Acid mine drainage (AMD) is a major environmental challenge for the mining industry in northern climates. Laboratory-scale experiments were conducted to test various simple and complex carbon sources available in the Yukon as electron donors for sulfate reduction to allow the subsequent removal of Cd and Zn from a Yukon AMD. The 1 L capacity bioreactors were monitored biweekly at 5 °C. After 162 days, a diminution of both total organic carbon and sulfate concentrations was observed in all bioreactors. A long adaptation period was necessary before consumption of the carbon source started, which might be due to the cold temperature. Simple organic sources of carbon (methanol and ethylene glycol) and complex organic sources of carbon (potato oil, brewery residue, peat, and straw) were used to support SRB growth. Methanol and ethylene glycol led to a diminution of sulfate concentrations of 71.2 and 36.9%, respectively, while the decrease of sulfate concentrations was limited to 13.8 and 5.3% when using peat and straw, respectively.
Passive treatment is a promising, green technology that is increasingly being used for mine drainage treatment. However, several challenges remain concerning its implementation in locations where the temperature of the water remains cold year round and bacterial growth is limited by the low temperatures. The impacts of cold on the activity of sulfate-reducing bacteria (SRB) and the subsequent removal of Cd and Zn from acid mine drainage were studied by conducting static tests at 4.5 °C over a 90 day period. Different sources of carbon were tested to support native SRB: molasses, methanol, and a mix of molasses/methanol at different concentrations. The reactors were monitored biweekly, and the pH, oxido-reduction potential, and residual concentrations of Zn, Cd, sulfate, and total organic carbon were measured. The use of carbon sources clearly improved bacterial activity and consequently, the removal of Cd and Zn by precipitation as sulfide. Up to 94.8% of the Zn and up to 99.4% of the Cd were removed after 90 days, reducing metal concentrations below the discharge limits ([Cd] < 50 µg/L and [Zn] < 500 µg/L). The molasses + methanol mix was slightly more efficient than either. These findings indicated that native SRB might be used successfully to treat metal-contaminated mine water.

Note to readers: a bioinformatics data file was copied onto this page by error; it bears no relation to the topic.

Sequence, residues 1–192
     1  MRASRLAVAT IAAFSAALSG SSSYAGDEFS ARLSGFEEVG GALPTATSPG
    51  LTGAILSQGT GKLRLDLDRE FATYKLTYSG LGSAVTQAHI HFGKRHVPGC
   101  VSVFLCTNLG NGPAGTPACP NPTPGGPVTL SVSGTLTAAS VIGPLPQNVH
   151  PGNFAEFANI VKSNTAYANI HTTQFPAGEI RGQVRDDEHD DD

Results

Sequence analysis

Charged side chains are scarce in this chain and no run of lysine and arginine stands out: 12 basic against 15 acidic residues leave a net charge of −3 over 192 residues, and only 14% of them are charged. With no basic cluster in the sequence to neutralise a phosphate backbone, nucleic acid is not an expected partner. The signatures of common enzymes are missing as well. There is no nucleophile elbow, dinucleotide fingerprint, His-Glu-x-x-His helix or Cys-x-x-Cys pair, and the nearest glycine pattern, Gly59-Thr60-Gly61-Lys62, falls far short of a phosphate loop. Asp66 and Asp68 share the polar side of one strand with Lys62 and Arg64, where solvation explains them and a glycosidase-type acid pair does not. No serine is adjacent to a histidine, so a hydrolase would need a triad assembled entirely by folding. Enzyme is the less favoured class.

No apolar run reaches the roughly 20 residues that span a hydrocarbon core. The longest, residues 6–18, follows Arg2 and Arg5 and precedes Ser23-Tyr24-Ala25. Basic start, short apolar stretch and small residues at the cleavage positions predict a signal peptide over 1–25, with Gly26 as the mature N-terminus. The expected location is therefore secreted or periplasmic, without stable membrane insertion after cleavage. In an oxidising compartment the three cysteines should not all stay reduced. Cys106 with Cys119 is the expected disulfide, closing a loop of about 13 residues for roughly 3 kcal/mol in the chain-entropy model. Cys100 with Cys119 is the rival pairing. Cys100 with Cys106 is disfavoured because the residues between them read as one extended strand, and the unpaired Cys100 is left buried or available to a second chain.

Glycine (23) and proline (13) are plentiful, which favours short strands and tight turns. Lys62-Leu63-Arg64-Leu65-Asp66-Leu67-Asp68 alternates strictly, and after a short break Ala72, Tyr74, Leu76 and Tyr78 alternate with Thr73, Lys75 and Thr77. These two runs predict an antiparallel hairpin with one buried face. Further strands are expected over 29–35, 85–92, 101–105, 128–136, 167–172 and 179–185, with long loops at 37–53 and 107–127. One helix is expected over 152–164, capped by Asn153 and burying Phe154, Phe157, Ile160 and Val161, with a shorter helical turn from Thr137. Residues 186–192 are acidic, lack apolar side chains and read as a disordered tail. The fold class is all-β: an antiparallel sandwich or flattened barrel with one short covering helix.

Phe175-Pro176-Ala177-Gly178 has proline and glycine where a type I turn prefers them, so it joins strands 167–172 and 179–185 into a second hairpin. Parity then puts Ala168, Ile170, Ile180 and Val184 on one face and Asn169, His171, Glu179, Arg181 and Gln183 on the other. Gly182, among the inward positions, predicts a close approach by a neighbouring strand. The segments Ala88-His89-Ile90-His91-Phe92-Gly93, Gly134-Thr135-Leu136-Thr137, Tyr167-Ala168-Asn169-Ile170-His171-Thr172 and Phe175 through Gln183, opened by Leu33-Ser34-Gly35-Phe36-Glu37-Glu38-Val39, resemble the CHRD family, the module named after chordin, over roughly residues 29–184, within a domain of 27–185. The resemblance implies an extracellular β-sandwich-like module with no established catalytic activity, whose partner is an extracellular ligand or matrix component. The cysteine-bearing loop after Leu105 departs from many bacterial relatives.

Mine drainage contaminated with metals is a major environmental threat since it is a source of water pollution with devastating effects on aquatic ecosystems. Conventional active treatment technologies are prohibitively expensive and so there is increasing demand to develop reliable, cost-effective and sustainable passive or semi-passive treatment. These are promising alternatives since they leverage the metabolism of microorganisms native to the disturbed site at in situ or close to in situ conditions. Since this is a biological approach, it is not clear if semi-passive treatment would be effective in remote locations with extremely cold weather such as at mines in the subarctic. In this study we tested the hypothesis that sulfate-reducing bacteria, which are microorganisms that promote metal precipitation, exist in subarctic mine environments and their activity can be stimulated by adding a readily available carbon source. An experiment was setup at a closed mine in the Yukon Territory, Canada, where leaching of Zn and Cd occurs. To test if semi-passive treatment could precipitate these metals and prevent further leaching from waste rock, molasses as a carbon source was added to anaerobic bioreactors mimicking the belowground in-situ conditions. Microbial community analysis confirmed that sulfate-reducing bacteria became enriched in the bioreactors upon addition of molasses. The population composition remained fairly stable over the 14 month operating period despite temperature shifts from 17 to 5 °C. Sulfate reduction functionality was confirmed by quantification of the gene for dissimilatory sulfite reductase. Metals were removed from underground mine drainage fed into the bioreactors with Zn removal efficiency varying between 20.9% in winter and 89.3% in summer, and Cd removal efficiency between 39% in winter and 90.5% in summer. This study demonstrated that stimulation of native SRB in MIW was possible and that in situ semi-passive treatment can be effective in removing metals despite the cold climate.